Service example of collaborative work needed in race relations

When members of the local African American Pastors Alliance met with The Republic’s editorial board last week, they stressed that solutions to issues of trust and fear between black citizens and white police officers nationwide will be achieved only when all parties work together.

Local law enforcement, the pastors alliance and other community leaders demonstrated what that joint effort can look like Friday with a service at Columbus City Hall.

Chaplains from the Columbus Police Department and Bartholomew County Sheriff’s Department offered prayers. Columbus Human Rights Commissioner Ian Kohen and Mayor Jim Lienhoop spoke. The Revs. Mike Harris and David Bosley, members of the African American Pastors Alliance, spoke and offered words of comfort.

“Let them know that you love them,” Bosley, pastor of Dayspring Church of God Apostolic, said of a way to thank members of law enforcement.

Bosley also spoke of the importance of unity during tough and trying times.

“A people united can never be defeated,” he said.

Such a coming together was important in the wake of recent fatal shootings of black men in Louisiana and Minnesota, and the fatal shooting of five Dallas police officers during a rally to protest those shootings.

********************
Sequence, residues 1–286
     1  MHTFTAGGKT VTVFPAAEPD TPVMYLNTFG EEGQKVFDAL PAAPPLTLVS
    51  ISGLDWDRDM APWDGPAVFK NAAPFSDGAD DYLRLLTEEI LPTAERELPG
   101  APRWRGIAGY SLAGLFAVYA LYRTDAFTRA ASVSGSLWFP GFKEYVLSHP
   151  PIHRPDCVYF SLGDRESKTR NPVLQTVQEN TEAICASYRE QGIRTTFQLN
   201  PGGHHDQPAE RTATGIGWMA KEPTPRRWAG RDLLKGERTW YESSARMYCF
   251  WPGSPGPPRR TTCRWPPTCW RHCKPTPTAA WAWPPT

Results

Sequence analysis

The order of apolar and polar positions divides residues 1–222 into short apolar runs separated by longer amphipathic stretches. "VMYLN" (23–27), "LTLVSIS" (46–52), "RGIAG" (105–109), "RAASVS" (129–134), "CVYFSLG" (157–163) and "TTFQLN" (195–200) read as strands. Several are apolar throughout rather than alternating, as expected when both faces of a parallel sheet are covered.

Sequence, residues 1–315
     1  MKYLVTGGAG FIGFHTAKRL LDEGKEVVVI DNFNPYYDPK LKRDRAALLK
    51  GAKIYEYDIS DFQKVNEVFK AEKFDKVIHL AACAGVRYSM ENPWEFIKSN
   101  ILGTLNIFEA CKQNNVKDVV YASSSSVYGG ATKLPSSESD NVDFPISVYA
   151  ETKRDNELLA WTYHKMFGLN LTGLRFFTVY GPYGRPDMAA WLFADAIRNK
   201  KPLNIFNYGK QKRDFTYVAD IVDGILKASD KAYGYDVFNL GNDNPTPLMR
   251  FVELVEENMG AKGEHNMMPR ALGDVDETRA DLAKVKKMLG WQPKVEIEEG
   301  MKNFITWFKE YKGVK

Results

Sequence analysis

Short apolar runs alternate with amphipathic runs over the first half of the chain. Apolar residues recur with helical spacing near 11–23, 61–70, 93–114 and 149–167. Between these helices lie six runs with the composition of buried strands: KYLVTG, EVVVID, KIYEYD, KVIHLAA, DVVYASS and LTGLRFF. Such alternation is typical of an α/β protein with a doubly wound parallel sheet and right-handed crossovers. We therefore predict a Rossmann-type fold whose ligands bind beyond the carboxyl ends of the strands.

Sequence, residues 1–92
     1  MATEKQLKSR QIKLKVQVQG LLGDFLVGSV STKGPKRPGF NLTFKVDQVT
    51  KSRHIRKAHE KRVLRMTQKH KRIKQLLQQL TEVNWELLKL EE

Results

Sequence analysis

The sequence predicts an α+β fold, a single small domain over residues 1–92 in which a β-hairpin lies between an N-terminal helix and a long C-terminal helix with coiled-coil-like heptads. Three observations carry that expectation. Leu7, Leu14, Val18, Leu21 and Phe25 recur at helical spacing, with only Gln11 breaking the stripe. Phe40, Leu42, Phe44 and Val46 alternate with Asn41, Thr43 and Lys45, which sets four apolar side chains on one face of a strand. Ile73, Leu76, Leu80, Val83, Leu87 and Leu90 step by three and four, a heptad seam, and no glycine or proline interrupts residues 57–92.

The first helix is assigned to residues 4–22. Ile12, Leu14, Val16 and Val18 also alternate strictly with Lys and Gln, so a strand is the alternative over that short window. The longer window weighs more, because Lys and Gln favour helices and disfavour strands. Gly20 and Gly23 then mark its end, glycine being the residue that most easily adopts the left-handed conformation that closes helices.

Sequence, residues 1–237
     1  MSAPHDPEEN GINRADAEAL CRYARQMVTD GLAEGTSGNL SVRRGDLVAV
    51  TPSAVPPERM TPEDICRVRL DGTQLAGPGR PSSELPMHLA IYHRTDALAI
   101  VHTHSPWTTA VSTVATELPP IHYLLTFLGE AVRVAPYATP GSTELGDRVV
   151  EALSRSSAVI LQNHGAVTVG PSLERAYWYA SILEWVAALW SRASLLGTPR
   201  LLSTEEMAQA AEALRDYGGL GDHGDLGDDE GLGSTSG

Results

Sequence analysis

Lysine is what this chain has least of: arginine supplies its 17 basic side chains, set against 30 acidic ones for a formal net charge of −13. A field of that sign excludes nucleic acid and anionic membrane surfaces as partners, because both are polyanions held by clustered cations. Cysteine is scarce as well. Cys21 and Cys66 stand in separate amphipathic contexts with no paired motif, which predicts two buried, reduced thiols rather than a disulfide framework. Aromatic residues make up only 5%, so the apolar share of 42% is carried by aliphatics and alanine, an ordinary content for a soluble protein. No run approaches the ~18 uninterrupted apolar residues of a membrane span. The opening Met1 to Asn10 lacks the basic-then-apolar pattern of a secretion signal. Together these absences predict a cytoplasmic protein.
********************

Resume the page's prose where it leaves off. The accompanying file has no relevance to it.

The local gathering was even more important considering a shooting event two days later in Louisiana in which three police officers died. Even though the shootings happened elsewhere, the ripple effect of concern and emotions is felt in Bartholomew County.

The pastors expressed concern because of the shootings and past incidents across the nation where officers had shot and killed innocent people and not been punished.

However, the pastors also said proactive solutions involving police, black residents and local leaders are what’s best and needed most to head off any potential problems locally.

For example, the pastors alliance has expressed a desire to begin regular meetings with the first-year mayor to maintain an ongoing dialogue and discuss issues.

Last year, a two-day dialogue on race relations involved local police exposing members of the pastors alliance and other residents to video simulations of situations they encounter on the job and the split-second decisions they must make about using lethal force. That helped promote a greater understanding of the challenges police face.

Columbus Police Department also offered support for the fallen officers in Dallas as Lt. Matt Harris and officer Eric Kapczynski attended the funerals of two of the deceased.

The department also plans to send officers to Baton Rouge to honor the fallen officers there.

Local efforts to reflect on the recent tragedies, offer comfort, understand the issues and make progress on race relations are commendable and vitally important. The hope is that similar efforts are made in other communities across the country.